Paul cannot be considered a candidate for the authorship of Titus, since the mission on Crete and Paul’s spending the winder in Nicopolis (Titus 3:12) is found neither in the authentic Pauline letters nor in Acts (Schnelle 1998, 329).
In addition, examples are given of this mismatch of information found in the Pastorals and other Pauline work. “Timothy,” states Schnelle, “had for years been a close coworker with Paul, yet according to I Timothy 1:3 he is expressly warned once again before Paul’s departure to struggle against the heretics. What function would the letter have had in view of the brief absence of Paul? What themes and problems are addressed with which Timothy would not have long since been familiar from his long years of service as a co-worker in the Pauline mission?” (Schnelle 1998, 329).
A second argument adduced is that of the milieu of the letters: purportedly 3rd generation Christians that would necessarily be after Paul’s lifetime. Here, Schnelle compels the reader to look at the high organization of the church receiving these letters; this is more advanced than the charismatic churches Paul founded. Such organization necessitates time for such change to occur and be set in place. The house church model of Paul’s day has been replaced by a system that involves office holders. The letters are, after all written to instruct the churches how to carry out church order and give descriptions of just who should fill the offices of the church. Paul’s circumstances would not have called for such direction and instruction. In addition, Schnelle asserts that there is a shift in concern from a debate with Judaism to the Christian community amongst pagans.
Third, Schnelle argues against Pauline authorship of the Pastoral Epistles based on linguistic features. He notes: “The Large number of hapax legomena is striking: 66 in I Timothy, 60 in 2 Timothy, and 32 in Titus. The Pastorals also have a distinctive vocabulary in comparison to the other Pauline letters. ‘The Pastoral epistles…with their total of 3484 words would normally have a distinctive vocabulary somewhere between that of 2 Corinthians and Galatians, i.e. around 130 distinctive words. In fact, however, they have 335 words not found elsewhere in Paul, a good 50 more than Romans, which is twice as long! That is a number, of course, which speaks very strongly against the authenticity of the Pastoral Epistles” (Schnelle 1998, 330). Schnelle obviously sees these linguistic details as red flags to the authenticity of these letters.
A final argument against Pauline authorship involves theological divergence from the uncontested Pauline epistles. “Lacking (from the Pastoral Epistles),” notes Schnelle, “are concepts such as the ‘righteousness of God,’ ‘freedom,’ ‘cross,’ ‘son of God,’ and ‘body of Christ.’ A reflection of the specific Pauline doctrine of justification is found only in Titus 3:4-7; the antithesis ‘flesh/spirit’ does not occur at all. In addition, there are shifts in the manner in which the same subject are treated. While in Paul ‘faith’ is the means by which salvation is appropriated, in I Timothy the dominant meaning is the content of faith as doctrine to be believed” (Schnelle 1998, 330).
Another theologically significant divergence involves the parousia of Christ; in the Pastoral Epistles the parousia turns into an epiphany, something that will arrive at the proper time and is suggestive not of imminence, but of a futuristic time. This differs from Paul’s immanent view of the coming of Christ.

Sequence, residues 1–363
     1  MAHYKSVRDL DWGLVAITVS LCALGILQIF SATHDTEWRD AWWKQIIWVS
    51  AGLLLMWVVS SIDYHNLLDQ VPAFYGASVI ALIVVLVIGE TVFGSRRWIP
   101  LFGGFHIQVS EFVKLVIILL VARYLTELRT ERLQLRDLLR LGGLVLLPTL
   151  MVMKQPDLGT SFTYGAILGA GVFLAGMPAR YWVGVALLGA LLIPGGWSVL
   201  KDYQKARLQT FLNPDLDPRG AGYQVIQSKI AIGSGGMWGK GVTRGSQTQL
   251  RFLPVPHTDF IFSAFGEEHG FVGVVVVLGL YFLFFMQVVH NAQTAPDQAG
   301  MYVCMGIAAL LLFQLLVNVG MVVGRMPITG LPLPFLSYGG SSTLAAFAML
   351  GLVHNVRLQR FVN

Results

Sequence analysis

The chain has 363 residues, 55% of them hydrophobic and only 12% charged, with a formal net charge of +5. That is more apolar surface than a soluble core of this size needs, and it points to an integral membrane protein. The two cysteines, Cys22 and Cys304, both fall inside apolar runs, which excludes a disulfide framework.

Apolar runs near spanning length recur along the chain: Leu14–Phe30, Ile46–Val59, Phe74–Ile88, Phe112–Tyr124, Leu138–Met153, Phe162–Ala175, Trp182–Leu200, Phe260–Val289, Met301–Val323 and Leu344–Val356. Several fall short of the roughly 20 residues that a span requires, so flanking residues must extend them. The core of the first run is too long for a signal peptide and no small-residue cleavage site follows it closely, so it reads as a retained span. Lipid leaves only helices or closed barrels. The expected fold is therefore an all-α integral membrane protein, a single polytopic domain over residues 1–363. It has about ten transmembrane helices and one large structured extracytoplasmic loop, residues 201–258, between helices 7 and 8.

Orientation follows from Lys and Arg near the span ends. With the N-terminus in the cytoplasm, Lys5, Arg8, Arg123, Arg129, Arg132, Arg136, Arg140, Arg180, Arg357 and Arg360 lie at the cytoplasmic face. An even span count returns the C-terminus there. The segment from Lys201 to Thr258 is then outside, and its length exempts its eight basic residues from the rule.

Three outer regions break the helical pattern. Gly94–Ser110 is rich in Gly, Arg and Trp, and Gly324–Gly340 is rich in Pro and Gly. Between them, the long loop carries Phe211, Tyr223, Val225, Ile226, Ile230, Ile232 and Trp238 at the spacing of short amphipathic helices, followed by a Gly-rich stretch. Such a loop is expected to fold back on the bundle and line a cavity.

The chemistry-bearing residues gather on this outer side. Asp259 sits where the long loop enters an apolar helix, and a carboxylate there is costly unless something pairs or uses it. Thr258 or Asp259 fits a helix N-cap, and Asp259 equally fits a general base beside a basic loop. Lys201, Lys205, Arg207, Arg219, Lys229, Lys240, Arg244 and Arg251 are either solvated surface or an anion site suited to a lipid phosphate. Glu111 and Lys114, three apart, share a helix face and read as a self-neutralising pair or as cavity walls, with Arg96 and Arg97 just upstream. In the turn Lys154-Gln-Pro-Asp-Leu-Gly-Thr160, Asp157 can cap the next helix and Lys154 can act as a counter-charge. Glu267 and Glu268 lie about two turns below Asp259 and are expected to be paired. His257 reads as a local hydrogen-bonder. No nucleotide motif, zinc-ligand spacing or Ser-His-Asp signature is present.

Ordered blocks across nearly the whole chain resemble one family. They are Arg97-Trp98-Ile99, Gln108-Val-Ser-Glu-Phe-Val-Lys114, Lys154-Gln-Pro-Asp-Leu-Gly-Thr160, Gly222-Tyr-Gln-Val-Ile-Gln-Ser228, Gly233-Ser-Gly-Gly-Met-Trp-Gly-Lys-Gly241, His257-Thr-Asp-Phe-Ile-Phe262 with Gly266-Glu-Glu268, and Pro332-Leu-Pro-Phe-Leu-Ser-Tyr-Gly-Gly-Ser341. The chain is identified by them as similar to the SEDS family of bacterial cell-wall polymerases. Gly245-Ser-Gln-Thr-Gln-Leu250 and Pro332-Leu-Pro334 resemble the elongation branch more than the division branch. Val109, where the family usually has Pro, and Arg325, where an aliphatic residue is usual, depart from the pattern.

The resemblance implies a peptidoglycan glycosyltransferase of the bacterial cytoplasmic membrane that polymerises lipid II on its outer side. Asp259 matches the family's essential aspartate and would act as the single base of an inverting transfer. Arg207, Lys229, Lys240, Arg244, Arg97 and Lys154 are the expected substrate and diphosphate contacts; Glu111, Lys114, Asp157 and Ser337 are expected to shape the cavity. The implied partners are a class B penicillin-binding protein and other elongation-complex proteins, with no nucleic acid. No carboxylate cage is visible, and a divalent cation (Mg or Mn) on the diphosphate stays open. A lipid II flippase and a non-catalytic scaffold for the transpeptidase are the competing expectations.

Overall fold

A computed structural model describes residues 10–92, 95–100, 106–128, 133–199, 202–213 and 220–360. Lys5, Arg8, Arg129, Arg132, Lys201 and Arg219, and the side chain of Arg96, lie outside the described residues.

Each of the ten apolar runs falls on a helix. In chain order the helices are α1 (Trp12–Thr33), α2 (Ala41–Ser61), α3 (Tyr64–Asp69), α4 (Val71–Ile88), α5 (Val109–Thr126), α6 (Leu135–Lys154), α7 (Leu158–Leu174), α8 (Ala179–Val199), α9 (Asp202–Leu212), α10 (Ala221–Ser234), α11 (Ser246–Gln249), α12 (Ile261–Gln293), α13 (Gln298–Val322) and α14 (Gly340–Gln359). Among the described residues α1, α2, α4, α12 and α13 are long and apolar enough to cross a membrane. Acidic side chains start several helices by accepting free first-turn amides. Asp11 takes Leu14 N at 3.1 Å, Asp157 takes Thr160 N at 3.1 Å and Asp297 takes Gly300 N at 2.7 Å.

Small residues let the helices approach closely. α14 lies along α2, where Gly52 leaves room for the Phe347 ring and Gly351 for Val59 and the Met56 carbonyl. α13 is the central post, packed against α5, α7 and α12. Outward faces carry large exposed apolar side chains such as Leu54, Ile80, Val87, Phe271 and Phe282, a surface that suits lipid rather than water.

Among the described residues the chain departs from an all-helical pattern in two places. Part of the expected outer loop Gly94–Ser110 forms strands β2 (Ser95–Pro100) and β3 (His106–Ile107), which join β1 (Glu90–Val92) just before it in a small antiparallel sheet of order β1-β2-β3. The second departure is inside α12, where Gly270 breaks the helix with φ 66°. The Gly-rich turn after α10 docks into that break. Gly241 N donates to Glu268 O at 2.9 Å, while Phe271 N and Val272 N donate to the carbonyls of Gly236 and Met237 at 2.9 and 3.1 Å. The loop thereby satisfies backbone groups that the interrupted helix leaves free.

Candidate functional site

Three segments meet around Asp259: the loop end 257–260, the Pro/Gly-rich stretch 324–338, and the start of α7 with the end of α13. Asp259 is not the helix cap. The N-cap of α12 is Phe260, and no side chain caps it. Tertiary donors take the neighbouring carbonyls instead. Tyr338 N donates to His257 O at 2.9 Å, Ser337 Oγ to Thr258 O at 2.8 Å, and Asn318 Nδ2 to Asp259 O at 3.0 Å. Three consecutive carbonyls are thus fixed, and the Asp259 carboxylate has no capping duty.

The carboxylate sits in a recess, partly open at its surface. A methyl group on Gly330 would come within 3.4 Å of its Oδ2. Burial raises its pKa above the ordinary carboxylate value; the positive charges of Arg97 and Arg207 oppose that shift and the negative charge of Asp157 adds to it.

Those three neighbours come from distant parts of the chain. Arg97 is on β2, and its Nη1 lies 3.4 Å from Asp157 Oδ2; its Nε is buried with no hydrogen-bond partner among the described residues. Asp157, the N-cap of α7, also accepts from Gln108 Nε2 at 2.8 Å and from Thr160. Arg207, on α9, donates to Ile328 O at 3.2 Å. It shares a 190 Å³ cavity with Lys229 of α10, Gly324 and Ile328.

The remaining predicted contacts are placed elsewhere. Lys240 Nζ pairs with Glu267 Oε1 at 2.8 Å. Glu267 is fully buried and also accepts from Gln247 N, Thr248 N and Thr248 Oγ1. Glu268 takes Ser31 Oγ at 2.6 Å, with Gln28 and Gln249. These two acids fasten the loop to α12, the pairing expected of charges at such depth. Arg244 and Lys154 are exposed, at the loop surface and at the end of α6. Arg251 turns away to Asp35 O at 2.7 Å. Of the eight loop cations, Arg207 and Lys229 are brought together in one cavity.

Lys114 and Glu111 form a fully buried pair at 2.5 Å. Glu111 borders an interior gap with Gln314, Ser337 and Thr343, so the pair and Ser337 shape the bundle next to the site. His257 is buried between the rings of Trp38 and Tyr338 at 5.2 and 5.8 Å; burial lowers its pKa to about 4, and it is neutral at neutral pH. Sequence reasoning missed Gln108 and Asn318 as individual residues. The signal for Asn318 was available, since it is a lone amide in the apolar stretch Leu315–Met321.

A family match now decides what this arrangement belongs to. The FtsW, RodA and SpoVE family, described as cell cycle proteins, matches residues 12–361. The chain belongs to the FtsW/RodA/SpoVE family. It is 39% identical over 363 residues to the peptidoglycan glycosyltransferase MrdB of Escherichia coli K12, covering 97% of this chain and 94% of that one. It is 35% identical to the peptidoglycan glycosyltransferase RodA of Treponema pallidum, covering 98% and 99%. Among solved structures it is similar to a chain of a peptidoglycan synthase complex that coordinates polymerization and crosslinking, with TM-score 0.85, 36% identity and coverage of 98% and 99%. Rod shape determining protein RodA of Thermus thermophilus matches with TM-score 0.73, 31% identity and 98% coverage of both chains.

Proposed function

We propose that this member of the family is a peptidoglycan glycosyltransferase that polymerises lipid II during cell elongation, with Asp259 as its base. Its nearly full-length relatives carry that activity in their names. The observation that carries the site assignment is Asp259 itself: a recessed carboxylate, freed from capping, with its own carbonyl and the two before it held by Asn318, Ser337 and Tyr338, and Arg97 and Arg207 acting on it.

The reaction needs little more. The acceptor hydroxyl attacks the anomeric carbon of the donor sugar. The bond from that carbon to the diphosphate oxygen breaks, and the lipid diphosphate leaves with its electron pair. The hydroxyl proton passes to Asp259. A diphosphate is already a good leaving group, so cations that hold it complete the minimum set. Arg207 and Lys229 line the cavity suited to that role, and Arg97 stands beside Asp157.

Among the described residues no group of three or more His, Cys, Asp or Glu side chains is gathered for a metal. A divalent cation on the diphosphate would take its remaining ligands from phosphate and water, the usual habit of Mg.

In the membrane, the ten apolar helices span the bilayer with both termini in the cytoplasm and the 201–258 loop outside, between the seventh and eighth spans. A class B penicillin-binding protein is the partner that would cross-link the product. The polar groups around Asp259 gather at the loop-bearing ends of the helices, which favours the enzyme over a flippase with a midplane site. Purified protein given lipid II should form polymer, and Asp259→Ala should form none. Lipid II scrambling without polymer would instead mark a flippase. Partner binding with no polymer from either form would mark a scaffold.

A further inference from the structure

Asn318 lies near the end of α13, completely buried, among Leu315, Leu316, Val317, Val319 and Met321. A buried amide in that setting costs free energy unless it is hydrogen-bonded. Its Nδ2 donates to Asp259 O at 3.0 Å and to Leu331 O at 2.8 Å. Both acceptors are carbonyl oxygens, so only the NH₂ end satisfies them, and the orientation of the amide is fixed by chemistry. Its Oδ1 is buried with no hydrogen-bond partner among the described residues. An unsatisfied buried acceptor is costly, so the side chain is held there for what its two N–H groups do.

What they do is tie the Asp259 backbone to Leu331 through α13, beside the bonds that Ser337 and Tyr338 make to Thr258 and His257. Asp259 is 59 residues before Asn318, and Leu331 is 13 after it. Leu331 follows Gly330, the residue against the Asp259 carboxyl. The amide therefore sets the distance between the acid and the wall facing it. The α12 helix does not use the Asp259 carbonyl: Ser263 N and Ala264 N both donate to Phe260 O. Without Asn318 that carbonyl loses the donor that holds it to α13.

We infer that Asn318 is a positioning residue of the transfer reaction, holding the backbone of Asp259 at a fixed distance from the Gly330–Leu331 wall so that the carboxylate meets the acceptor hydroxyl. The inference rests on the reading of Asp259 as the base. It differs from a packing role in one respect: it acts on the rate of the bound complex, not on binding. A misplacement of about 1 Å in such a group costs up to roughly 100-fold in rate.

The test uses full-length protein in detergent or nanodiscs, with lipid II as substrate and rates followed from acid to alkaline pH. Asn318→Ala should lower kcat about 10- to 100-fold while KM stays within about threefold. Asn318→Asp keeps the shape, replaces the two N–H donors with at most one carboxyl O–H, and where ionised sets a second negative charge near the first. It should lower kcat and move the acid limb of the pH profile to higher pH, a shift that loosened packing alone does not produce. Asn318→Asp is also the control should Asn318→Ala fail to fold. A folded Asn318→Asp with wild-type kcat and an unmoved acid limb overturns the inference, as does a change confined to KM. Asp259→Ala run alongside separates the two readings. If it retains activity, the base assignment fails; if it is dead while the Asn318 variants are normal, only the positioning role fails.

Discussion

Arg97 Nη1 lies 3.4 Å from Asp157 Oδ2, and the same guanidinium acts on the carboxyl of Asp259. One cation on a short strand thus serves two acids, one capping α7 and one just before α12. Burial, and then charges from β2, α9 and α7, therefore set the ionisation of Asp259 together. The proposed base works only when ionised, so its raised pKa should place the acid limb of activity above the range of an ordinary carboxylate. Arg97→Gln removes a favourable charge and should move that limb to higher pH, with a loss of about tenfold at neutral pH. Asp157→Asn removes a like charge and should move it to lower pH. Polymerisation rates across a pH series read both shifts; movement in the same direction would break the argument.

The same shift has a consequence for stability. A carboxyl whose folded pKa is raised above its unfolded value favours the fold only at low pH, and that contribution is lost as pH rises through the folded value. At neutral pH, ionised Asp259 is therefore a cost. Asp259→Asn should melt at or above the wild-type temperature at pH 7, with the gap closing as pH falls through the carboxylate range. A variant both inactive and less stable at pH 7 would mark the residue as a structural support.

After belaboring the point that Pauline authorship of the Pastorals is ludicrous, Schnelle gives the following statement on who he feels authored this body of letters:
The author of the Pastorals was an unknown member of the Pauline school who wrote and circulated the letters ‘in the course of a new edition of the previous corpus’ of the Pauline letters (Schnelle 1998, 332).
“The Pastorals are intended,” says Schnelle, “to overcome an internal crisis in the church caused by false teaching, to implement appropriate official structures in circumstances that had changed and to secure the continuing influence of the apostle Paul in the whole church” (Schnelle 1998, 332). In short, it is asserted that the author was a Hellenistic Jewish Christian, most likely educated, lived somewhere in Asia Minor, and was writing with nearby churches in mind.
Schnelle discusses the location and date of composition in relation to the concerns voiced in the letter: “The Letters to Timothy are concerned with the church situation in Ephesus and so probably originated there” (Schnell 1998, 333). Timothy, he points out, appears as promoter of Paul’s theological perception in Ephesus. And, although purportedly written in Rome, the second letter to Timothy also takes as fact Timothy’s prior presence and work in Ephesus. The internal affinity between the other Pauline letters and the Pastorals also point to Ephesus as the location of composition.
As for the dating of the Pastoral Epistles, Schnelle gives the following reasons why they must be dated around 100 CE:
(I) The tradition about Paul’s own life and person is still drawn from the living tradition of the church. (2) The structure of church offices in the Pastorals is different from the church order presupposed in Ignatius and Polycarp for the time between 110 CE and 130 CE. (3) The Pastorals belong within the process of the formation of the Pauline corpus. (4) The early from of a Christian Gnosticism, the type of false teaching opposed by the Pastorals, points to the period around 100 CE (Schnelle 1998, 333).